Post-season harvest is a great time to get things cleaned up, serviced and put away. While it is satisfying to see a clean and shiny piece of equipment, I must say, as I get older and acquire more machinery to wash, the motivation to clean up is far less than it once was.

Overbay andy
Extension Agent / Virginia Cooperative Extension
Andy Overbay holds a Ph.D. in ag education and has 40-plus years of dairy and farming experience.

This is where a pressure washer can really be a blessing. A good pressure washer is worth its weight in gold if matched up to the task and used correctly. A pressure washer is just about a necessity on many farming operations and, with the cost of equipment these days, it pays to keep machinery looking good.

However, not all pressure washers are created equal, and mismatching a pressure washer to the incorrect job or setting can yield anything from unfavorable results to costly damage.

Understand the rating

First of all, you need to know your numbers. Most novice pressure washer buyers are enticed into a purchase looking only at the pressure rating (PSI) of the washer in question. Experienced owner-operators will tell you while PSI rating is important, the pressure behind a pressure washer is the amount of water (expressed as gallons per minute or GPM) they can put out at that pressure.

The PSI rating of a washer gives a representation of how much stripping pressure a machine offers, while the GPM rating represents the ability of the machine to rinse the dirt and grime stripped and out of the way.


For example, pressure washer “A” has a rating of 1,500 PSI at 4 GPM; pressure washer “B” has a rating of 2,000 PSI at 3 GPM. For each machine, the cleaning unit rating (PSI x GPM) is 6,000 cleaning units.

So they are equal, right? No, they are not. Washer A has a greater ability to get stripped grime out of the way, so it will do the same job faster than B, even though washer B has a higher pressure rating.

Increasing the volume of water striking the surface of the equipment you are cleaning necessarily increases the weight of the water being applied, and that weight makes all the difference. Think about it this way: If you get hit by a baseball traveling at 60 mph, it hurts. If you get hit by a semi-truck going 60 mph, the results are far more devastating.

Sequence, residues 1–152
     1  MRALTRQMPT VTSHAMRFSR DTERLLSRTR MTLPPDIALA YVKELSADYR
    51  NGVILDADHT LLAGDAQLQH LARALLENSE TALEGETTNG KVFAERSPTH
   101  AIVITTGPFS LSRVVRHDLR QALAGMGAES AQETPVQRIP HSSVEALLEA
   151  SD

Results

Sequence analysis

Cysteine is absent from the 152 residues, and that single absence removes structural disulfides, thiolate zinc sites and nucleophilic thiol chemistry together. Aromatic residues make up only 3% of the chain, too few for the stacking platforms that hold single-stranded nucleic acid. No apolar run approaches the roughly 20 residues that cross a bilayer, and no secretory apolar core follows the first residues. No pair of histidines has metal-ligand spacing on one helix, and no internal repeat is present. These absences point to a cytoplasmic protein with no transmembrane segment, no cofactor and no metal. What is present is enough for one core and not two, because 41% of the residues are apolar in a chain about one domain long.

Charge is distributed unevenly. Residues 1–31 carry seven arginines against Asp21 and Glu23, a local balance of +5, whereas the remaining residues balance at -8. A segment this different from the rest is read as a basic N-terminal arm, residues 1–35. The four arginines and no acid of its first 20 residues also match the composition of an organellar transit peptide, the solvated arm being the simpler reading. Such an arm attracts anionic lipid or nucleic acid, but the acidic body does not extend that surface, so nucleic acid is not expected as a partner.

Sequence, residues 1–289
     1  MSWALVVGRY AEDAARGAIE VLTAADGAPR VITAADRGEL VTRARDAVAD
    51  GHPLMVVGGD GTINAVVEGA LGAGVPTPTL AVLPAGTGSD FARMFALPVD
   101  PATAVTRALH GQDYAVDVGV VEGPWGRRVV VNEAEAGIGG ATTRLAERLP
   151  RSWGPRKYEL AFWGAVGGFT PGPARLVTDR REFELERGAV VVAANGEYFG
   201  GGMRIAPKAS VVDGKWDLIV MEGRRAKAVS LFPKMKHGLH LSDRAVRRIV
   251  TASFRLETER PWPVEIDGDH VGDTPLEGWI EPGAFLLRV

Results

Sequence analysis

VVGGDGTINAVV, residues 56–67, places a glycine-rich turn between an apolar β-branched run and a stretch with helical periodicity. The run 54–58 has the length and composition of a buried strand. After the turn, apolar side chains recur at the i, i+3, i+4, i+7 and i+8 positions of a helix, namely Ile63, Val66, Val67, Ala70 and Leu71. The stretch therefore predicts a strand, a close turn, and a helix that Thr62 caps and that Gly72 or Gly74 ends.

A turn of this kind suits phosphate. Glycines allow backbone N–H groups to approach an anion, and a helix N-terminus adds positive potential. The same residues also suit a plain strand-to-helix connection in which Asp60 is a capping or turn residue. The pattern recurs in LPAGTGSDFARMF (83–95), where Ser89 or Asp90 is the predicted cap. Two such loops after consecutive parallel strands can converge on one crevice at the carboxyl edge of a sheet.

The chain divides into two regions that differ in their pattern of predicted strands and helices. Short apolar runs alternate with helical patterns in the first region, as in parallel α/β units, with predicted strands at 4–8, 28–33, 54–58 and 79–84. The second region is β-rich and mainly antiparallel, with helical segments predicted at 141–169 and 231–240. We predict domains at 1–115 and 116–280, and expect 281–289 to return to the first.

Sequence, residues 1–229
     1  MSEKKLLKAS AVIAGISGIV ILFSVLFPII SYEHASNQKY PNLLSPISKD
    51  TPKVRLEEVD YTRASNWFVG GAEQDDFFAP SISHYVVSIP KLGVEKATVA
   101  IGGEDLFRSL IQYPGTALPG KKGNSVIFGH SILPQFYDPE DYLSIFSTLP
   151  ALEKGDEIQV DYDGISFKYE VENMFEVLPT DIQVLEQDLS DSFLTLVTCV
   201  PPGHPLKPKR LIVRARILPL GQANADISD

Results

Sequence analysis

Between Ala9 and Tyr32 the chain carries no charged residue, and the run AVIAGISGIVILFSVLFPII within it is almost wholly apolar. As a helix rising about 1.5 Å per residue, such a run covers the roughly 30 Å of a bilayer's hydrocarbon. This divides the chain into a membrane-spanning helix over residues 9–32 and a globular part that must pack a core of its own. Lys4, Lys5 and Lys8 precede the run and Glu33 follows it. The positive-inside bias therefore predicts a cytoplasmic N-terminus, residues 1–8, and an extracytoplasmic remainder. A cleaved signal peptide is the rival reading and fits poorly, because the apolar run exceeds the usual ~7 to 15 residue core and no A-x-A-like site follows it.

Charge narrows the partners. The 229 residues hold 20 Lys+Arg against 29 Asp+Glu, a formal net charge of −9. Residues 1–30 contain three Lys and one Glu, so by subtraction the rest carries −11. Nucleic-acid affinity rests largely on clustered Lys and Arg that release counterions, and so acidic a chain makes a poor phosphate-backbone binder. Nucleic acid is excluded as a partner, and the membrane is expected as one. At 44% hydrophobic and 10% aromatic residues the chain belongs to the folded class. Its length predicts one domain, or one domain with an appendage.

A good friend recently purchased an inexpensive washer at a local supply store rated at 1,600 PSI and 1.2 GPM. In comparison, my farm washer is rated at 3,500 PSI and 4 GPM. If we convert each washer over to cleaning units, the difference in the washers is stark: 1,920 cleaning units to 14,000 cleaning units. My washer is over seven times more powerful, but that isn’t necessarily a good thing.

My friend uses his washer to do the occasional odd job – washing off his deck, cleaning siding on his house or washing his car. While my washer is more powerful, used indiscriminately on my friend’s chores, the results would be ruinous.


This leads us to some do’s and don’ts of safely operating a pressure washer. Let’s begin with the do’s: Begin by reading your operator manual. Keep all shields and guards in place and securely fastened. Check the oil level in your pump and motor (if applicable) every time.

Wear the proper personal protection. Protect your eyes, face, hands and feet especially. Check the surface you are standing on, and keep an eye out for slippery conditions. Test the surface being cleaned by washing a small area first.

Use only nozzles and attachments recommended for your washer, and wash the surface thoroughly to prevent cleaning agents and chemicals from being left behind.


As for the don’ts: Never add fuel to a hot or running washer. Don’t leave the nozzle in the closed position for more than a minute or so, as the pump may overheat. Never repair a leak while the washer is running, and never point the washer at a person or animal, as many washers are powerful enough to injure terribly.

Don’t hold the nozzle too close or too long on a surface. Significant damage can occur to even the strongest surfaces. (Remember, water on a rock eventually made the Grand Canyon.) Never use your washer while standing on a ladder, as you need to keep both hands on the wand, especially when the nozzle is first engaged.


While pressure washers are handy little critters, not everything needs a pressure washer pointed at it, regardless of the cleaning unit rating. One of the first things that comes to mind is the inside of your tractor cab. Now I have seen cabs that could stand a good cleaning, but introducing water into the modern cab and all of the electronic connections within is asking for trouble.

In fact, I don’t even use a water hose around a tractor cab. I use an air hose and blow the cab out, and use a vacuum to hold dust in check as much as possible. Even a little water in the wrong place can lead to corroded wiring and connections, turning your tractor into a multi-ton paperweight.

While electronic failures are frustrating, using a pressure washer around home and farm electrical wiring and circuits can be fatal. Think of your pressure washer in much the same fashion as your high-powered rifle. Make sure of your background before you ever pull the trigger.

Be safe, and happy cleaning. end mark

Andy Overbay holds a Ph.D. in ag education and has more than 40 years of hands-on dairy and farming experience.

Andy Overbay